However, the court did modify Hooper's sentence. First, it held that Hooper was improperly sentenced to three concurrent terms of sixty years on the aggravated kidnapping counts; as the kidnapping was not "for ransom," it was a Class 1 felony that carried a maximum sentence of fifteen years. The court reduced Hooper's sentence accordingly. The court also found that the prosecutor's misconduct during the death penalty phase warranted a new sentencing hearing. The prosecutor had told the jury that if they did not impose the death penalty, they would have "lied to the judge and to God"; in addition, the prosecutor raised a question as to whether Hooper would commit further murders in prison, and placed responsibility for any such acts on the jury. See id. at 697. In light of these remarks, the Illinois Supreme Court vacated the death sentence. Finally, the court addressed the Batson issue. The court found no basis for allegations of Maloney's bias, and concluded that Maloney's determination that Hooper failed to establish a prima facie case of discrimination was not against the manifest weight of the evidence.
The case was remanded for a new sentencing hearing on the murder convictions. Much had changed since Hooper's last sentencing hearing: Hooper had been convicted of two murders and an attempted murder in Phoenix, Arizona, and Maloney had been indicted for racketeering and extortion. Hooper's second hearing took place before Judge Mannion. The jury again found Hooper to be eligible for the death penalty without any mitigating factors, and Judge Mannion sentenced Hooper to death on July 16, 1993. On direct appeal, the Illinois Supreme Court affirmed. See People v. Hooper, 665 N.E.2d 1190, 1199 (Ill. 1996).
On December 21, 1995-about a month before the Illinois Supreme Court's opinion issued-Hooper filed a pro se post-conviction petition. The Illinois Supreme Court appointed counsel for Hooper in mid-1996, and the State filed a motion to dismiss in 1998. Hooper's counsel alerted the trial court to the fact that Hooper wished to file an amended petition, and requested an extension of time in which to do so. When the parties appeared before the trial court, however, the court denied the extension and dismissed the petition without permitting Hooper leave to amend. Hooper appealed, and on October 26, 1999, the Illinois Supreme Court remanded the case back to Judge Mannion in light of its opinion in People v. Bounds, 694 N.E.2d 560 (Ill. 1998), in which it held that a court violates a defendant's right to due process under the Illinois Constitution when it dismisses a petition at a hearing that the parties believe is merely a status call.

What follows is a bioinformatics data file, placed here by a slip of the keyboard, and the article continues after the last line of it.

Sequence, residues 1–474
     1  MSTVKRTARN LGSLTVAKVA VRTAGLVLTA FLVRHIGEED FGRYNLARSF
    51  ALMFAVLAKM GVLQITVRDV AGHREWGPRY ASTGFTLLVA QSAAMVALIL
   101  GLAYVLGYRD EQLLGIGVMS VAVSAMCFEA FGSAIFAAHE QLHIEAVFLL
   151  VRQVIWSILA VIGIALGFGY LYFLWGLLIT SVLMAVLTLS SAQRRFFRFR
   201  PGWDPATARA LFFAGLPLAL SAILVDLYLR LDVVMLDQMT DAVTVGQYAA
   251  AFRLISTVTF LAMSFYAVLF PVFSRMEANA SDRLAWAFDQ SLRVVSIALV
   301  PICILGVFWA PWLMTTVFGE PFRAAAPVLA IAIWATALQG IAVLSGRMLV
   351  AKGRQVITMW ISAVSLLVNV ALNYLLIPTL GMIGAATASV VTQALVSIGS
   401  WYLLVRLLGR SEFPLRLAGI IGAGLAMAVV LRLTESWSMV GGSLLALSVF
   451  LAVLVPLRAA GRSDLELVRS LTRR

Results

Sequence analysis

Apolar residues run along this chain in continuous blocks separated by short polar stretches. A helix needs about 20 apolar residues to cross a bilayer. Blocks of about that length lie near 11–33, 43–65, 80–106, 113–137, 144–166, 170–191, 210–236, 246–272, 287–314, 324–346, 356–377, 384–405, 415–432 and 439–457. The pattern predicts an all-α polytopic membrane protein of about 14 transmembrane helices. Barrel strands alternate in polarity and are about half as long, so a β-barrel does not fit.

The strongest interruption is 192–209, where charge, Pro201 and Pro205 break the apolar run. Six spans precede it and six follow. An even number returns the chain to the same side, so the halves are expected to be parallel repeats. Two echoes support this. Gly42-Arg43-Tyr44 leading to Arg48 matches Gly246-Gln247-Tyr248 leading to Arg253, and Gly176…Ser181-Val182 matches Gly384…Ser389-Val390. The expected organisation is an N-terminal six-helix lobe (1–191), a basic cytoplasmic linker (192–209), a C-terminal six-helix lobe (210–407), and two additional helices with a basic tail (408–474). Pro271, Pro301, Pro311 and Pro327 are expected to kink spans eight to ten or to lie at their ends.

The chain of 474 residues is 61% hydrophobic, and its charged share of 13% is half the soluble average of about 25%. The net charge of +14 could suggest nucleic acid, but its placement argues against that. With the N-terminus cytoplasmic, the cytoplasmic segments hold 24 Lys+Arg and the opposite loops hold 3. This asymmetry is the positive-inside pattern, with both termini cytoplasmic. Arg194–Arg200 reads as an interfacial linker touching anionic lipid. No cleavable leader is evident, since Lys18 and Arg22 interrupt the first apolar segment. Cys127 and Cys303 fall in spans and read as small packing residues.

On remand, Hooper moved for discovery to support his post-conviction petition. Hooper also filed an amended petition for post-conviction relief, noting that he intended to supplement the petition with additional information uncovered in discovery. The State objected to the discovery requests, and Judge Mannion denied the discovery motion. Hooper's counsel then moved to substitute judges, arguing that Judge Mannion was prejudiced against him. The request was denied. When the case returned to Judge Mannion for a hearing on the motion to dismiss, Hooper attempted to amend the petition, but Judge Mannion denied leave to do so and granted the State's motion, dismissing the petition on June 15, 2004. Hooper appealed, requesting that the case be summarily remanded to a new judge at the trial court. On November 22, 2004, the Illinois Appellate Court granted that motion, and the case was remanded to a new judge for a third (and final) set of post-conviction proceedings.